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Celebrating Bilingual Awareness Month
Deborah Kong's picture

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The child of immigrants, my father grew up in San Francisco Chinatown and attended schools that taught him in English only. He has no memory of his father speaking Cantonese at home, and his parents encouraged him to learn English, believing it would help him to assimilate, and that learning two languages would confuse him.

Over time, my father lost his ability to speak Chinese, and to teach it to me and my sisters. We were only able to communicate with our grandmother through rudimentary sign language.

Like all parents, mine wanted what they believed was best for their kids. Two generations later, new research shows what a big opportunity has passed us by. As my own son learns Spanish in his Oakland Unified kindergarten classroom, his learning experience is supported by scientific evidence clearly points to a universal, underlying human capacity to learn two languages as easily as one.

In fact, there is no evidence that using two languages in the home, or one at home and one in an early care and education setting, puts the development of either one at risk, according to “Promoting the Educational Success of Children and Youth Learning English,” a comprehensive new report from the National Academies of Sciences, Engineering, and Medicine.

In fact, children who become proficient in two languages are likely to reap benefits in cognitive, social, and emotional development; show improved academic outcomes in school; and may be protected from brain decline at later ages, research shows.

The early years matter: for young children, they represent a chance to promote learning in both their home language and English. Research on brain development finds more neural plasticity exists in infancy and early childhood than later, and that early language experiences shape brain development in significant ways.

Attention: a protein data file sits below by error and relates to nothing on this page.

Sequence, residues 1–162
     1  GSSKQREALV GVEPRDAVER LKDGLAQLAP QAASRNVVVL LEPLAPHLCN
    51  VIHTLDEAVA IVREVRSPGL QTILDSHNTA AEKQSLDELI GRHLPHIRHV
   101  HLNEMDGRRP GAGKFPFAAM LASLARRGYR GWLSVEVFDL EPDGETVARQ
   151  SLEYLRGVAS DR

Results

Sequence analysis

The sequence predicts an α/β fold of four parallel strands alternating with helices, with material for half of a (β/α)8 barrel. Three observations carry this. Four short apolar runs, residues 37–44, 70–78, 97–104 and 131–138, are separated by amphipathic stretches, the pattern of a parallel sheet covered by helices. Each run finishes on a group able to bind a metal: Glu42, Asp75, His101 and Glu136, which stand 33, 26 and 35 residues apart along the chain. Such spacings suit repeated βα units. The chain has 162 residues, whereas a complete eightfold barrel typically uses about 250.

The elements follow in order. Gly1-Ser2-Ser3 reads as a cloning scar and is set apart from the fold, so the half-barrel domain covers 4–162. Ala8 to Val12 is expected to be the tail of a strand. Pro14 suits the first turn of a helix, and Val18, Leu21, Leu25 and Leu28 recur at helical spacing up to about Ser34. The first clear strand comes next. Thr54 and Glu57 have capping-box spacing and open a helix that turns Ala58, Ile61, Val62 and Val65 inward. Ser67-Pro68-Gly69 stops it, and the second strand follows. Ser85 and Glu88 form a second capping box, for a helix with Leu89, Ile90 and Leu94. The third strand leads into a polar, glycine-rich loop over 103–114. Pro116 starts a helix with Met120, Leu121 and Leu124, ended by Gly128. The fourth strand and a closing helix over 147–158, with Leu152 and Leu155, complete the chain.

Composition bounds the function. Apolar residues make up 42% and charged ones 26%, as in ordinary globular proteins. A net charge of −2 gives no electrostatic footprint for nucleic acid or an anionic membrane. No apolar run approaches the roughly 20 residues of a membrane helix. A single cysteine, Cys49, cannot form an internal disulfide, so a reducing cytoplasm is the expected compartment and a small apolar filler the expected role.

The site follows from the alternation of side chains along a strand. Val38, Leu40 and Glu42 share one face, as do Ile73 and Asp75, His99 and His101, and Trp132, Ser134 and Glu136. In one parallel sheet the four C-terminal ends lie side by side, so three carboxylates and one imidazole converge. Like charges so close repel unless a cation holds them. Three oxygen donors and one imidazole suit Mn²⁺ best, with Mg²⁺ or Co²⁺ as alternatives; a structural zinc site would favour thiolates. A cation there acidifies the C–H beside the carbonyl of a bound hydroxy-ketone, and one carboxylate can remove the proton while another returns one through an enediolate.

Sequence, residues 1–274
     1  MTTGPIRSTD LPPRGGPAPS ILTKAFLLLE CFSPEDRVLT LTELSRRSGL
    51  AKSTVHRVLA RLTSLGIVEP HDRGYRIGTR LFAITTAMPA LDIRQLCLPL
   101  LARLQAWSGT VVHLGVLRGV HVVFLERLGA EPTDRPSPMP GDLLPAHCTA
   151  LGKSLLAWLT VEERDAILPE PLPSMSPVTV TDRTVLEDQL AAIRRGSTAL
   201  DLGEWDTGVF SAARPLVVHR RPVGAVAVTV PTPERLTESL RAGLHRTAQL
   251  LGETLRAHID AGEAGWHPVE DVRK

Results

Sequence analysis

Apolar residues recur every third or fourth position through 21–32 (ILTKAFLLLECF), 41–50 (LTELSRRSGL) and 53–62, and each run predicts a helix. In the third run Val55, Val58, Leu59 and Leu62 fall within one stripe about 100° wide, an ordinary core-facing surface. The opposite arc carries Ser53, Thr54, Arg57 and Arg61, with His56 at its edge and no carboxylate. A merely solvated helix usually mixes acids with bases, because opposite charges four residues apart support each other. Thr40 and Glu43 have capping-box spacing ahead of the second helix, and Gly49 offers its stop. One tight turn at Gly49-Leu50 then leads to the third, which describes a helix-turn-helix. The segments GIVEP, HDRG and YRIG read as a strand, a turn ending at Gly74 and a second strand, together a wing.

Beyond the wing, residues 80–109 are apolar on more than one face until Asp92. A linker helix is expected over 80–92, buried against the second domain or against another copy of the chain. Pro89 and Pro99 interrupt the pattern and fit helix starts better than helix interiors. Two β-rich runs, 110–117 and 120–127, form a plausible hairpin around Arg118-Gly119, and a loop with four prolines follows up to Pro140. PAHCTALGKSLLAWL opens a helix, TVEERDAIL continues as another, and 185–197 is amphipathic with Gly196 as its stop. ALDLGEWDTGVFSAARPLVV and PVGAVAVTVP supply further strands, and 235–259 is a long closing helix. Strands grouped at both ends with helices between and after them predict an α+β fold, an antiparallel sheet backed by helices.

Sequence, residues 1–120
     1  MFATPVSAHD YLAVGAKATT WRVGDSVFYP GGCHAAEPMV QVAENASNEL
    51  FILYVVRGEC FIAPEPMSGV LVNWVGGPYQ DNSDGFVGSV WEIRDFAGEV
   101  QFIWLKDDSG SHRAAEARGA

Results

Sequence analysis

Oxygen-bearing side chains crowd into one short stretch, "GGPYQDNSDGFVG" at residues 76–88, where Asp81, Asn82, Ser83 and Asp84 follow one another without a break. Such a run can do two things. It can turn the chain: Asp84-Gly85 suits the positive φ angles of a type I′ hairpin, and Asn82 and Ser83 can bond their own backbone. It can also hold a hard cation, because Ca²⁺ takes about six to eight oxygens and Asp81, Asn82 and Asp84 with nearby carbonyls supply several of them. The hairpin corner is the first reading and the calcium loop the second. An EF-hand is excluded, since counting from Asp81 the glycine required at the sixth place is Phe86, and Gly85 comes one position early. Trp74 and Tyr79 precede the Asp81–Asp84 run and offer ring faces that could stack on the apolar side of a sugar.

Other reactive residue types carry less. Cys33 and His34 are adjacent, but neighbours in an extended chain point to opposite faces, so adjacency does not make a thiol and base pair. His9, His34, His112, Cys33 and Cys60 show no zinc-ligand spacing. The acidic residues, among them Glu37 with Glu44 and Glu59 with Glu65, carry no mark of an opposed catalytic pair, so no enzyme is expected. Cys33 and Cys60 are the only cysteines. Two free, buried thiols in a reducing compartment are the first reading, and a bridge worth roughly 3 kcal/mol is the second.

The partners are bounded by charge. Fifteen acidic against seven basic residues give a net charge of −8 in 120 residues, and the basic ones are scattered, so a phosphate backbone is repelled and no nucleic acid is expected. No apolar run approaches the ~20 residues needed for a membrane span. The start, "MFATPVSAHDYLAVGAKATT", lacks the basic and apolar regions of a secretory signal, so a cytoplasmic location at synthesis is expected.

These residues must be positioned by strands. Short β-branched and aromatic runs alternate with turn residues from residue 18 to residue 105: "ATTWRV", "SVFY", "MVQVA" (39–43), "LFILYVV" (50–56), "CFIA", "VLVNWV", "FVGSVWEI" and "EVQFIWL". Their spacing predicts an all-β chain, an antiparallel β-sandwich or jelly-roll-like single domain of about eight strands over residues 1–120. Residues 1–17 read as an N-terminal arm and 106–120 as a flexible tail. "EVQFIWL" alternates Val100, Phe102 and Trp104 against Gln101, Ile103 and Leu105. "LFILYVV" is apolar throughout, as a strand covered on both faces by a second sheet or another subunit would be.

So what can we, as parents and advocates, do? First, we can spread the word that infants, toddlers, and preschoolers have an inherent capacity to learn more than one language from birth, and we should value multilingualism as a precious asset for them, and for our nation.

Second, the National Academies report includes recommendations related to policy and practice. Here in California, where a substantial margin of voters recently rejected outdated 1990s-era limitations on bilingual education in public schools, we can support investments and policies that prepare early childhood educators and provide ongoing professional development. We can advocate for increasing the pipeline of teachers who are well prepared to promote improved outcomes for dual language learners.

The term dual language learners (DLLs) refers to children who are learning more two or more language at the same time, and those  learning a second language while continuing to develop their home language. In California, where about 60% of our children birth to age 5 are DLLs, this is about the future of our state.

The new report also references a major U.S. Supreme Court decision, Lau v. Nichols, that named the very school district my parents attended, though it came more than a decade after they graduated. In 1974, the Court unanimously ruled that San Francisco Unified School District violated the Civil Rights Act of 1964 by failing to provide Chinese schoolchildren a “meaningful education.”

The decision was driven by limited English proficient students who were “left to sink or swim, offered no help in understanding their lessons, and shunted onto dead-end tracks for slow learners,” according to one analysis. Generations later, a wide achievement gap still exists between English learners and their monolingual English peers.

We can and must do better by dual language learners. Immigrants like my grandparents believed in education as a path to a better future.  And at a time when new federal policies are dividing our communities by spreading fear, discrimination, and suspicion, parents must show our children that this is not who we are as a society.

As diversity comes under attack, we must teach our children to celebrate it in all of its forms -- and that means standing up for those who are marginalized based on gender, sexual orientation, immigration status -- or the languages they speak. 

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